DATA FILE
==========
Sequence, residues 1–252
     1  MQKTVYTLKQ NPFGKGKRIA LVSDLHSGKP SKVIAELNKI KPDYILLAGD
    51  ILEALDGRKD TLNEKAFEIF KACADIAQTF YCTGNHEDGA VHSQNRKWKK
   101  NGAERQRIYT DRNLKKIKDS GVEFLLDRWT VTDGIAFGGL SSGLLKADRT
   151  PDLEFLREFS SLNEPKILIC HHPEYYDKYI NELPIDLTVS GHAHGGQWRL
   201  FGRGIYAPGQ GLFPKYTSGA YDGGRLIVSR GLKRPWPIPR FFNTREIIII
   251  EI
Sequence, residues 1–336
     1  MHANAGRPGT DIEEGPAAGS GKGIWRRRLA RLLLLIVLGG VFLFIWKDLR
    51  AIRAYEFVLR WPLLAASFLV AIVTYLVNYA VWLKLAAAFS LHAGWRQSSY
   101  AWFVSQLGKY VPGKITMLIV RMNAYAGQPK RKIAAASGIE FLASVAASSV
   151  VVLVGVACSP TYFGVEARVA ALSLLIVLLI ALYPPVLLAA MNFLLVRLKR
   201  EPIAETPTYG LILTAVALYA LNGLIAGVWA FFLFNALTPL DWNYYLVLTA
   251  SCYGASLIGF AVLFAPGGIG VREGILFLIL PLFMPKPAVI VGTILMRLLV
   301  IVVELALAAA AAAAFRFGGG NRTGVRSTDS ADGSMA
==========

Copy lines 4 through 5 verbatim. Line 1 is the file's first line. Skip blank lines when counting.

   101  NGAERQRIYT DRNLKKIKDS GVEFLLDRWT VTDGIAFGGL SSGLLKADRT
   151  PDLEFLREFS SLNEPKILIC HHPEYYDKYI NELPIDLTVS GHAHGGQWRL